The surprising joy of getting lost

I have been fortunate enough to find myself in France, and today in the Parc naturel regional des Grand Causses for the first time. I rose this morning at the leisurely hour that has become my usual whilst being unemployed, which still managed to be before anyone else. The original plan had been to go for an exploration run on a local trail, however at first I was completely unable to strike up any enthusiasm for the idea. After a couple of cups of coffee and messaging one of my friends (who is one of those stalwart any time, any location, no excuses runner types), I pulled on my trusty runners and headed out into the glorious sunny morning.

I was armed with a photo of a hand drawn map made by the owner of the accommodation, a couple of mapping apps – neither of which actually had the alleged trail marked on them, and a phone without any signal or internet connection.

It started off well, a grassy, dew covered trail alongside a tributary of Le Tarn River. I even glimpsed a view of the wide, sluggish Tarn itself, filling the bottom of the valley and framed by rolling densely forested hills. I slowed to a ‘power hike’ (IYKYK) as the track became steeper, crunching autumn leaves and acorns into the soft earth. Before long, I crested the hill and reached a road, initially ignoring a sign which was indicating Roc de Cavalier, which is what I was supposed to be heading for. I doubled back when I realised my error – I had fallen prey to a delicious looking gentle downhill trail that helped me feel this outing was still a ‘run’, despite ‘power hiking’ being the majority of activity so far. After double checking my paper map photo, I was sure the trail that snaked past a couple of old stone villas was the correct one. I was still rewarded with a descent and some running which helped me mentally justify having selecting ‘Trail Run’ as opposed to ‘Hike’ on my watch.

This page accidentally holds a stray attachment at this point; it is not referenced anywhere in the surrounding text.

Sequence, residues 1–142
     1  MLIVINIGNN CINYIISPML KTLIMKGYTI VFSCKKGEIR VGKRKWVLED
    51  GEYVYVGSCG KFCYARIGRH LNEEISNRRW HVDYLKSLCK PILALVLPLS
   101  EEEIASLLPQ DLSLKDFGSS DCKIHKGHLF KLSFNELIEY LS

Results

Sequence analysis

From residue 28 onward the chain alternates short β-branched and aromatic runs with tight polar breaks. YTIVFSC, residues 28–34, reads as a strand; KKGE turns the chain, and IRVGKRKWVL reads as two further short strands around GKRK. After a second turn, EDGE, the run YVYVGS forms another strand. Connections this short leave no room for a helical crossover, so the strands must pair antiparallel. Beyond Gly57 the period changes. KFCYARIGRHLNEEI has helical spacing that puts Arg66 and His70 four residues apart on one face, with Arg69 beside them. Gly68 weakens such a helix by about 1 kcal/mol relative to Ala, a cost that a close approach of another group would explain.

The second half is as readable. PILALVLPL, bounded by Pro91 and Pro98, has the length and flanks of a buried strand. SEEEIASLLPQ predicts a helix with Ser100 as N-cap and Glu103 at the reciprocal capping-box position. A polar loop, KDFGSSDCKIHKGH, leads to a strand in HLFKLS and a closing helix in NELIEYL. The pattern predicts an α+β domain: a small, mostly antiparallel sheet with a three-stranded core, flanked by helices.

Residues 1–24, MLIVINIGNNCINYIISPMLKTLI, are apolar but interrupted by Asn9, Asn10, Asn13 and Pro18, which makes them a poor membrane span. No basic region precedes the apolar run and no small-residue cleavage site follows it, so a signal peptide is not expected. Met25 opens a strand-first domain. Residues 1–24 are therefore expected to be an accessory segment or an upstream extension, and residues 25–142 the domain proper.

Le Tarn

Before long, the road forked and both routes were blocked by a rope and a red sign reading ‘Privée’. Consulting my hand drawn map again, I noted the trail appeared to climb directly north from this point, which seemed as if it was heading straight up a very steep, thickly forested slope. I walked back a few metres, and spied an unmarked, very faint trail that appeared to go in approximately the right direction.

I considered my options. The sensible thing to do would be to go back the way I came, along a trail I knew was clear. I wasn’t exactly well prepared for bush bashing, I didn’t know if where I was going was encroaching on the ‘Privée’ land, I wasn’t sure I’d even be able to get through at all. I didn’t have a phone that worked and my emergency beacon was sitting helpfully in my bedroom back at the accommodation. Yes going back seems the most sensible approach. I looked again at the faint trail leading up the side of the hill into the forest. There was something so alluring about it. A sense of borderline irresponsible adventure that was irresistible.

Sometimes you just have to choose the less sensible option.

I re-evaluated the uphill slope. To be fair, the vegetation wasn’t even that dense. I couldn’t see any walls or large impassable tree trunks. I had a paper map with the trail on it didn’t I? I knew roughly what direction I was supposed to be going in. I had been hoping for some element of adventure for the last few weeks and just such an opportunity now lay before me. Plus, the option of turning back was always there.